Snowballs are educational, says Victoria Neumark
Luke is 11 and loves snow. Not for him the adult shiver, the gloomy thoughts about burst pipes and broken-down cars. As soon as the weather turns cold, his only question is, "When's it going to snow?" Jenny is 36 and doesn't like snow. She's one of those people for whom snow comes in only three packages: white-and-so-pretty-you-don't-want-to-go-out-in-it; dirty-with-ice-under-so-you-don't-want-to-go-out-in-it-and-fall-over; and slush-you-don't-want-to-bring-that-into-the-room. Jenny is Luke's teacher.
Playtime, and the children are not allowed to go out in the snow. There are many reasons for this: it's cold, it's dirty, they might fall over, the insurance may not cover it, what would the parents say? For Luke, they are not good reasons.
He wants to run in the snow, to throw snowballs, to scoop fluffy fresh snow off window ledges and car windscreens and hurl it at people's backs, preferably those of unknown adults, to shove handfuls of melting flakes down his brother's squirming neck. He could spend hours and never notice his raw red hands as they roll a huge snowball to make a snowman (carrot provided by mum). He could spend even longer in co-operative play, rolling snowbomb ammunition stockpiles. And here he is, learning about the solid and liquid states of water, about crystal formation and decomposition, about how to sculpt in a refractory material, about harmless ways to let off aggression, about how not to feel the cold. Or he would be, if he were allowed out to play in the snow. For him, snow is so much more than congealed rain.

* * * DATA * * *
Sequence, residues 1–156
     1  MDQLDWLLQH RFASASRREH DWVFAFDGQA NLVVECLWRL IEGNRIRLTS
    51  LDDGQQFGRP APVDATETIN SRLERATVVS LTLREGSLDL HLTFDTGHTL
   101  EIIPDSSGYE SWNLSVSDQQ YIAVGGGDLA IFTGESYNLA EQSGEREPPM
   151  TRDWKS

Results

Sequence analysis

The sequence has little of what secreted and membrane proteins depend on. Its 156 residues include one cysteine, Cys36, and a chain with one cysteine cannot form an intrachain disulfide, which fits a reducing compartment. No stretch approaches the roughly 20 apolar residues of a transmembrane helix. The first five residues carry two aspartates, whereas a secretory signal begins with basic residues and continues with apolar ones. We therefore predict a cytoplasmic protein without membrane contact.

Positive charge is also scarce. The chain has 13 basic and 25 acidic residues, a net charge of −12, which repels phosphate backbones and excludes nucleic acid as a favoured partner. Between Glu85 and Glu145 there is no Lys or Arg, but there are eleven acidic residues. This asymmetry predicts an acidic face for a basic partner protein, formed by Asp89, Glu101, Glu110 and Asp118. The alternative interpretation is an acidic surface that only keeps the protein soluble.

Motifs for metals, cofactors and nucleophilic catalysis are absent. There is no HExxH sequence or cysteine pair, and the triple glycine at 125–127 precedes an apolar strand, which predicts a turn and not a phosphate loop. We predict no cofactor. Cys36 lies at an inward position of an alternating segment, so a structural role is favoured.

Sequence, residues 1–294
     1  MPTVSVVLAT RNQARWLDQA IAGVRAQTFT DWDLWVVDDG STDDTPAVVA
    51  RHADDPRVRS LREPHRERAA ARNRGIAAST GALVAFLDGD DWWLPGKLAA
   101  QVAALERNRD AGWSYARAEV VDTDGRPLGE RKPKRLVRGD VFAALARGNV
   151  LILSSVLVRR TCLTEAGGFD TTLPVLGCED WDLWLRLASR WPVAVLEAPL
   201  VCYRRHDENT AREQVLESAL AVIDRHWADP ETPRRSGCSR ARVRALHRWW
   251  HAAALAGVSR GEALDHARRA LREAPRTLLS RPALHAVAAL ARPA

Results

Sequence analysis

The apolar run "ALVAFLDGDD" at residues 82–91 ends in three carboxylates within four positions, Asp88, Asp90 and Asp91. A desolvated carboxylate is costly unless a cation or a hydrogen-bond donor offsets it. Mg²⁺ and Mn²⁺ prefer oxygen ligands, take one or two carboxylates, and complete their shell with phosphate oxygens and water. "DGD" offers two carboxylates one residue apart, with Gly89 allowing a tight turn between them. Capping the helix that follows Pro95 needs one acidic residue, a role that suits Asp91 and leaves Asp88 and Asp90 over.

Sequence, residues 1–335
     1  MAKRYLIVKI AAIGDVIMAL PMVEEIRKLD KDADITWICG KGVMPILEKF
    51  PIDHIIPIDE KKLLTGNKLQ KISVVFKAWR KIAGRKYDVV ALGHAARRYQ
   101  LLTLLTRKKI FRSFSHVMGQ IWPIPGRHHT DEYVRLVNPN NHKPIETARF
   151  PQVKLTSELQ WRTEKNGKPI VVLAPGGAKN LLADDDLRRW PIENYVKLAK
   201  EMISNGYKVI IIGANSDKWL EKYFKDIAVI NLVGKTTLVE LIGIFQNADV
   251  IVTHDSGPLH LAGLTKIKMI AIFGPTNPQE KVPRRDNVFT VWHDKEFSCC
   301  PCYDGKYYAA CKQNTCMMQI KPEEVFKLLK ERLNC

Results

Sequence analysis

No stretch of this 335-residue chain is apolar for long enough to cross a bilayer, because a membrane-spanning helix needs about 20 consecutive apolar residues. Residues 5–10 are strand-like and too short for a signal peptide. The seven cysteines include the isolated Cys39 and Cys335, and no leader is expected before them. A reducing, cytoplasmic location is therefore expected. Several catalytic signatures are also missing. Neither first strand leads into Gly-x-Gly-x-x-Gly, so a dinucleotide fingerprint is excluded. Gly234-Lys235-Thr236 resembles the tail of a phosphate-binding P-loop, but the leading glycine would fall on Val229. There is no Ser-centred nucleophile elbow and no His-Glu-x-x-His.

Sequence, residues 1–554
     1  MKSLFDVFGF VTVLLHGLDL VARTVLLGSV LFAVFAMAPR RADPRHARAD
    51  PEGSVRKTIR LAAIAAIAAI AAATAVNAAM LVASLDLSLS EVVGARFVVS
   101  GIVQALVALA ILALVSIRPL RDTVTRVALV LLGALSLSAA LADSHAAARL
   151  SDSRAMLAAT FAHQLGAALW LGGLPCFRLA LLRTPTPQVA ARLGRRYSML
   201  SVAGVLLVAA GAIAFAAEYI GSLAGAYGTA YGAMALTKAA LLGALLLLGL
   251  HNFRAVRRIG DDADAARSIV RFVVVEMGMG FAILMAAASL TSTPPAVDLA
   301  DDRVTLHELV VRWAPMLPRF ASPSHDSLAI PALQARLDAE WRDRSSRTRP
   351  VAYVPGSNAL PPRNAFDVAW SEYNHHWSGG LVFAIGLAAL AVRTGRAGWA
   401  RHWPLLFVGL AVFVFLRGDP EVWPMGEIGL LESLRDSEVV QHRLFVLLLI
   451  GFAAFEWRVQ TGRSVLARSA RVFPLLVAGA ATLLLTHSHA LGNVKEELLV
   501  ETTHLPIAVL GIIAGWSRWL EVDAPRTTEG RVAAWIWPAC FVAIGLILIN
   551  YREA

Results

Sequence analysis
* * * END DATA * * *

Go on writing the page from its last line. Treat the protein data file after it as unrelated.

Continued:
Jenny, meanwhile, hates the hostile white world which beckons the children away from their warm routines. Not a scrap of green for days, a hopeless mass of lost hats and gloves, coughs and sneezes spreading fast through the class, a huddled-up feeling of grumpy retreat. So what if the Eskimo have dozens of words for snow. Jenny has only one: nuisance.
What Luke really loves best about snow is the transformation. The boring old, grinding old, predictable adult world becomes, for him, all playground. People change, too. Throw a snowball at an adult, even a mother, and she just might throw one back. Make a snowman, and dad may lend you a scarf. Sit on a plastic bag, and you can skid all the way down the steepest slopes and you don't need a sledge. Snow is something on which children are experts and adults stumbling novices.
Snow is what Luke could give Jenny lessons in. But she won't let him go out to play. So he can't. Game and set to Jenny, you think?
Guess who's been writ-ing in the snow on Jenny's windscreen?